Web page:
The Dropp: Do you think of “GRANT” as a persona, or is it just simply your name?
GRANT: I mean, the name kind of only came out of not having anything better. I figured I might as well pull a Cher and use my first name. [Pause] Cher’s probably not the best comparison to use [laughs]. But I guess with my music I kind of portray a character on stage. Just being the nerdy white kid making the hip-hop beats.
The Dropp: What were your goals for Beat Tape Vol. 1, and do you think you accomplished them by the time you released it?
GRANT: I didn’t really have a lot of goals for it. It just kind of started after I released the first self-titled LP. I just kept on making beats, and it eventually it turned into what the Beat Tape was. I was trying to go for more short themes and visuals as opposed to long, full-length songs. I guess there was kind of a theme. I tried to create an aesthetic of exotic luxury. Like you can tell by some of the titles on the tracks, like “Versace” and “Gucci Loafers.” I was trying to go for that visual, and I think the album art kind of goes with that, too.
The Dropp: Yeah, the songs are quite short. Did you do that on purpose?
GRANT: Yeah, it was not so much trying to do full-length songs, because music the way that I do is mostly a lot of loops and layering, and if you do it for too long it just kind of gets self indulgent. I don’t want people to get bored. It’s the same thing with hardcore; I wanna keep it short and simple.
The Dropp: What does your typical process look like when you first start to put a song together?
GRANT: It’s different every time. I usually start off with drums, like that’s usually the main focus, cause I want to start off with the groove I’m looking for I guess. I usually start off with drums, collecting samples and making a drum kit. It’s either that, or I’ll find a sample I really like, and I’ll chop it up, loop it, or do whatever and then build from there. That’s my favorite part of the process, just arranging things and seeing what I can add.
“I kind of portray a character on stage. Just being the nerdy white kid making the hip-hop beats.”
The Dropp: The new Beat Tape is available for free download on Bandcamp, and in the description for it you say, “Rappers, do with it what you will.” So what are your thoughts on file sharing and living in an age where music is ripped, rather than bought directly from the artist?
GRANT: I think it’s kind of flattering if people are ripping off my stuff. I think music should be—for the most part—free. It’s art, and it should be enjoyed by everyone. And that’s why I usually making everything pay what you want. So if people dig it, they can donate to it. I do the same thing. I’m guilty of downloading some stuff for free, but if I really support the artist, I’ll pay for it. I also collect copies on vinyl and physical copies. I like to pay for it physically, but it’s art and all art should be accessible by everyone.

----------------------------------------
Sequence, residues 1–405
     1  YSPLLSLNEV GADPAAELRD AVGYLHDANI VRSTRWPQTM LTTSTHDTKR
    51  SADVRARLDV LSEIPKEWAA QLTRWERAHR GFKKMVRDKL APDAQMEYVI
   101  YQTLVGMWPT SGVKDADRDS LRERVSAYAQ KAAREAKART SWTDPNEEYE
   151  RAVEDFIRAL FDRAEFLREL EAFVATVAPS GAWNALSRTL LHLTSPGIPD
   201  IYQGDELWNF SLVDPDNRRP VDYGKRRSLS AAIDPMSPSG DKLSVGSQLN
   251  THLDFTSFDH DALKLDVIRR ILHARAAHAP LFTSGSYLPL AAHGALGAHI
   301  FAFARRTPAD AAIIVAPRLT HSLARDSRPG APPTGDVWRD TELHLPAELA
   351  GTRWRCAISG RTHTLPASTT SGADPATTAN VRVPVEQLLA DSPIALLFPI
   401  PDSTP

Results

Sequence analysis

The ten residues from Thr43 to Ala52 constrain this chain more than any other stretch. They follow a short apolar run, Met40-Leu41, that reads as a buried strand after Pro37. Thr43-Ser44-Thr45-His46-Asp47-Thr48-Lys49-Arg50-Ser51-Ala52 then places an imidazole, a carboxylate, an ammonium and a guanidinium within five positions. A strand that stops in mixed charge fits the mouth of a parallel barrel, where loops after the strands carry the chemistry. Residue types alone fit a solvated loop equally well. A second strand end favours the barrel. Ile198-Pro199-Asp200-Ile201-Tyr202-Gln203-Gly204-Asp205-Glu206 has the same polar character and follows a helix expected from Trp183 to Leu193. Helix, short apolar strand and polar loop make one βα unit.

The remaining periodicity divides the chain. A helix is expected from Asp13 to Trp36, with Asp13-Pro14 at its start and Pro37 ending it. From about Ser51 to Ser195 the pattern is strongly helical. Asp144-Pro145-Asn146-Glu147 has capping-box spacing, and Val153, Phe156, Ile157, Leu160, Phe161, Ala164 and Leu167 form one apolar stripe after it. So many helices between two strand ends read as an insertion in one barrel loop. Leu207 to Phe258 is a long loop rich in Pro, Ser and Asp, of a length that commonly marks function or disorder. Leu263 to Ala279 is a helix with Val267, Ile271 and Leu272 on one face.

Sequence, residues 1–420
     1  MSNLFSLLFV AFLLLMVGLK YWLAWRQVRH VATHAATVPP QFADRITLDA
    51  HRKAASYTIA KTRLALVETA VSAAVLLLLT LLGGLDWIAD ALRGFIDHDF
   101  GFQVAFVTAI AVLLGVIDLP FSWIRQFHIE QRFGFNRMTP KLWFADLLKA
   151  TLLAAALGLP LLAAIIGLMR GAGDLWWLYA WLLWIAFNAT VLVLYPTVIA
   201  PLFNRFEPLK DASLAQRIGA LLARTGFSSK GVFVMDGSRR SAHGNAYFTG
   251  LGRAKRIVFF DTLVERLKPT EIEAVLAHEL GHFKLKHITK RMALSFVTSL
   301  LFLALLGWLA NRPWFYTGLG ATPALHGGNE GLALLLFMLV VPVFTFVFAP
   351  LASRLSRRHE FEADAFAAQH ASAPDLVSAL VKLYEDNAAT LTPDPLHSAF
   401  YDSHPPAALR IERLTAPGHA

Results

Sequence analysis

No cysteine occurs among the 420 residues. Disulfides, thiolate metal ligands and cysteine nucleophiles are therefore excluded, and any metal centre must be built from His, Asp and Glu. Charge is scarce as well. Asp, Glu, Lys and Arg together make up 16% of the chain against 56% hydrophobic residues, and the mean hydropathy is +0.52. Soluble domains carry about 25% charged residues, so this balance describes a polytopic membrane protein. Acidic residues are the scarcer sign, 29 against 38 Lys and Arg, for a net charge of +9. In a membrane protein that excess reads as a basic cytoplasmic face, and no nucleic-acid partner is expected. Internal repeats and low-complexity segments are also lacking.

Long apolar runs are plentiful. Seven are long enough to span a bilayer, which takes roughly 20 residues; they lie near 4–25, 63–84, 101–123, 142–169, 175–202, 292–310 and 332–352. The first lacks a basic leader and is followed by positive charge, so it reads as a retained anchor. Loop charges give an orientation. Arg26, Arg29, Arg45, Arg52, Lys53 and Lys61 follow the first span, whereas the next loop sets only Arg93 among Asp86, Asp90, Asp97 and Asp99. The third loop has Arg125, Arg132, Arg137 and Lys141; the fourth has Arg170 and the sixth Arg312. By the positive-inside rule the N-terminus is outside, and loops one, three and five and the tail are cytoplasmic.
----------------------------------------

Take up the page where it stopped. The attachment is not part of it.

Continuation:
The Dropp: Any chance you’ll be making your own vinyl?
GRANT: Definitely. I’m actually planning it right now. I really wish I had the funding right now to print the first LP on a 12″, but that’s not looking like it’s going to happen at the moment because of the money. But I have a 7″ in the works right now. I’m trying to do a four-song EP on a 7″. I don’t know when that’s going to happen, but it’ll happen eventually.
The Dropp: One of the songs on the Beat Tape Vol. 1 is the track that you produced for Kitty Pryde, “Give Me Scabies.” What has your relationship with her been like?
GRANT: Kitty Pryde is the homie. We hang out and stuff, and I’m actually her live DJ as well. She’s been recording stuff at my house, and, yeah, she’s a good friend of mine.
The Dropp: Do you see yourself collaborating with her a lot more and continuing that?
GRANT: Oh, definitely. We’ve already got some stuff in the works, and I send her beats every now and then.
The Dropp: Anything else you can say about that?
GRANT: We don’t have anything planned at the moment, but that’s pretty much how “Give Me Scabies” happened. We were joking about the song “Call Me Maybe.” I don’t think she actually expected me to remix it, but I sent it to her, and she was like, ‘Oh, I’m gonna use this.’ So she used it, and here we are.
The Dropp: If you could produce or collaborate with any artist in the world, who would you want to work with?
GRANT: That’s a good question. There’s a lot of rappers I really admire right now, particularly Danny Brown and Action Bronson.
The Dropp: What has been your favorite album this year so far?
GRANT: Man, that’s a good question. Um . . . wow, there’s so many to choose from. There was one I was literally just telling someone the other day. This is the best album of 2012 so far, and I’m blanking on it right now. I can IM you on Facebook when I remember. [It was Action Bronson's Blue Chips, El-P Cancer 4 Cure and The Flaming Lips & Heady Fwends album.]
The Dropp: What do you see for yourself in the future? What’s the next step for GRANT?
GRANT: I really want to start touring eventually. I still have one year left of high school to worry about, but I’ve got some stuff in the works. I definitely want to start touring. I’m just trying to get my name out there right now, trying to work with some bigger names and send myself to rappers, and you know, fighting the good fight.
Mon Jul 9